Kevin Campbell – Avondale Partners

Great and you mentioned in your, in the press release the liability the hull and liability insurance retention expense and you just kind of call that out and what exactly is that and why did you call it out as may be being a little bit different?

Aaron Todd

Yeah it was kind of hard to explain in the press release so we just wanted to make sure it was highlighted. What happened is last year because of all the investments we’ve made in night vision goggles and the ability we believe it will over the long term to mitigate our exposure to control flight and the train accidents. We went back in and determined that we wanted to participate in the savings associated with a corridor retention. So basically the actual number was for claims between $10 market I and $12 million as the example in fact that’s pretty accurate that if plains went above that threshold for our entire fleet will hull and liability that we would retain that $2 million corridor.

In June we had a training hard landing everybody was fine but it damaged an aircraft and pushed the annual claims into that corridor retention and therefore we ended up having to expense that because of it being retention. So had to consider a deductible that doesn’t kick in until you hit that higher threshold.

Kevin Campbell – Avondale Partners

Okay so essentially before on your interest expense you didn’t really have a significant deductible and you…

Aaron Todd

Yeah I guess as we might say we shared the risk some of the risk this year and in this case it didn’t work out for us but we’re still big believers that the investments we made are going to have dramatic decreases on our historical loss history because a great percentage of the more major losses were associated with loss of situational awareness in climate weather or night blind conditions and now that we’re 100% NVG equipped our exposure to that is not zero but its greatly minimized and reduced.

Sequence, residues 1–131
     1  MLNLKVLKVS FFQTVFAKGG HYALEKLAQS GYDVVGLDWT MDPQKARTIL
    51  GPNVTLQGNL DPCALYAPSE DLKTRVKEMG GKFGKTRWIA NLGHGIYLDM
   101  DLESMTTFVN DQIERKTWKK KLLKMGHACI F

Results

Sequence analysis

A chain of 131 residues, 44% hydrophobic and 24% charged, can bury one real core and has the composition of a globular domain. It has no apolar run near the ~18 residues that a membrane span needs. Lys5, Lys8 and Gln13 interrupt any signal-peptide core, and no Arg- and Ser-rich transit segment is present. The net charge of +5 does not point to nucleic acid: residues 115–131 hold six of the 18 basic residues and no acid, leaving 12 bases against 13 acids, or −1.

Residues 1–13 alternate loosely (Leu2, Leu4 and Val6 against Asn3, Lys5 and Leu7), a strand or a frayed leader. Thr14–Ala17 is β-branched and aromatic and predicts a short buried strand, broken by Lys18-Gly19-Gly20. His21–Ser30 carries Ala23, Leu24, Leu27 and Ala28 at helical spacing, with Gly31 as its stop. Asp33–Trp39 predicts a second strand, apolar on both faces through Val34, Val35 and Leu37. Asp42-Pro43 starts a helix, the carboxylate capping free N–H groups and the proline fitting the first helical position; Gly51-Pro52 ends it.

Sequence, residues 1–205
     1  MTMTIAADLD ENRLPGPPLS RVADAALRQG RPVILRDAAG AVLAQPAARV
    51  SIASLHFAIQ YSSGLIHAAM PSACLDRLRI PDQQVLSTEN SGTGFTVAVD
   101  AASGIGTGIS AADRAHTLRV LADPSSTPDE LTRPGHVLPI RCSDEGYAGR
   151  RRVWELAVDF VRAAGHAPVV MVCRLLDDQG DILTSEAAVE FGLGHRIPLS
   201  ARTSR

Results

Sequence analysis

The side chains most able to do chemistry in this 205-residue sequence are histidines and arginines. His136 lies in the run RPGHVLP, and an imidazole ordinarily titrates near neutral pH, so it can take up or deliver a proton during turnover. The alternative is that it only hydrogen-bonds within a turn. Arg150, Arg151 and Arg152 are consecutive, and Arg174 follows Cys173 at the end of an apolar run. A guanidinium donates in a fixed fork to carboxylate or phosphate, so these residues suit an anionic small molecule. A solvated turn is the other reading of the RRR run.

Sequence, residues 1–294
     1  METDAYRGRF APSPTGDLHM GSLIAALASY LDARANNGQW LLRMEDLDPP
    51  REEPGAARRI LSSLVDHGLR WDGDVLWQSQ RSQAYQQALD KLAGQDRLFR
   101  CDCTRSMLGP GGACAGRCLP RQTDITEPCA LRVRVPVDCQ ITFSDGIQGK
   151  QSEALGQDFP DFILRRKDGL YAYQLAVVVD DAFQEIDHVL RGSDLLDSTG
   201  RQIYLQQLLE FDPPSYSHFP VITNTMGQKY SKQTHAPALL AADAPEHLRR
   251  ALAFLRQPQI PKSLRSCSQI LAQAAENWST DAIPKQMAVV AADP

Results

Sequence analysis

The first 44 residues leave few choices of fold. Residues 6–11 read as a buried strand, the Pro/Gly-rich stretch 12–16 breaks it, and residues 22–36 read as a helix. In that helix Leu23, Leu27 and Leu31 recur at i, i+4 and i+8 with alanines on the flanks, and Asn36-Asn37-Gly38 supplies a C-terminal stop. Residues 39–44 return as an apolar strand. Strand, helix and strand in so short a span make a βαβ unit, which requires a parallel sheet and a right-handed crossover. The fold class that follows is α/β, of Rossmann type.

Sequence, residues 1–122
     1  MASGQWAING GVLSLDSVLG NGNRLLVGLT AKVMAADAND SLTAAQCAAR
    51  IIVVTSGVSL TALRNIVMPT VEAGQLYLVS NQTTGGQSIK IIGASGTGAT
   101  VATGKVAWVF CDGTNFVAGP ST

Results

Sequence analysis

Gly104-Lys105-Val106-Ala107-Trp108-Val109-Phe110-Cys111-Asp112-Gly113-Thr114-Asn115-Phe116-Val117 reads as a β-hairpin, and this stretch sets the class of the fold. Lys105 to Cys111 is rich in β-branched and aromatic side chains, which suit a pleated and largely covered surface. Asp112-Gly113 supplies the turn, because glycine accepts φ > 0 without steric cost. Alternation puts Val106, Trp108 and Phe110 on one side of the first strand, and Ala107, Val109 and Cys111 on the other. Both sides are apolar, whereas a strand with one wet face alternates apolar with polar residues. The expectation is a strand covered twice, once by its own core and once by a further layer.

Kevin Campbell – Avondale Partners

And Trent what were the maintenance and fuel expense for the second quarter?

Trent Carman

Do you want them without the…

Kevin Campbell – Avondale Partners

Including everything.

Trent Carman

You want Sundance in there or what…

Kevin Campbell – Avondale Partners

Sure.

Trent Carman

Hold on one second here, year-to-date for Air Medical it was $12.5 million and for the March quarter Kevin it was $5.9 million so that excludes Sundance there.

Kevin Campbell – Avondale Partners

Okay, and that’s maintenance rate?

Trent Carman

Yes.

Unidentified Company Speaker

That’s Fuel.

Trent Carman

That was just, that was fuel.

Kevin Campbell – Avondale Partners

Okay, I am sorry and what was maintenance for the quarter and was the 5.9 you said the March quarter so the…

Trent Carman

That was the March, yeah that was the March quarter.

Kevin Campbell – Avondale Partners

The June quarter…

Trent Carman

Extracting here well I add up a couple of number here for you Kevin.

Kevin Campbell – Avondale Partners

Okay.

Trent Carman

If there was something else go ahead and ask.

Kevin Campbell – Avondale Partners

Yes, okay. So you also, the losses in Tampa and Oregon may be you could touch on what sort of drive the hospitals that got with different vendors and then I also wanted to confirm Trent that’s the base numbers that you gave include the 176 and the 125 include those changes already or if we need to reduce that was even further?

Trent Carman

Yeah those numbers I gave are as of June 30th and we have not lost, we hadn’t lost the Portland at that point in time.

Aaron Todd

Those wouldn’t affect fuel because these are HBS contracts and fuel strike pass there is sort of the more of a maintenance adjustment. But on the bigger one which is the Oregon customer where we had 11…

Trent Carman

12.

Aaron Todd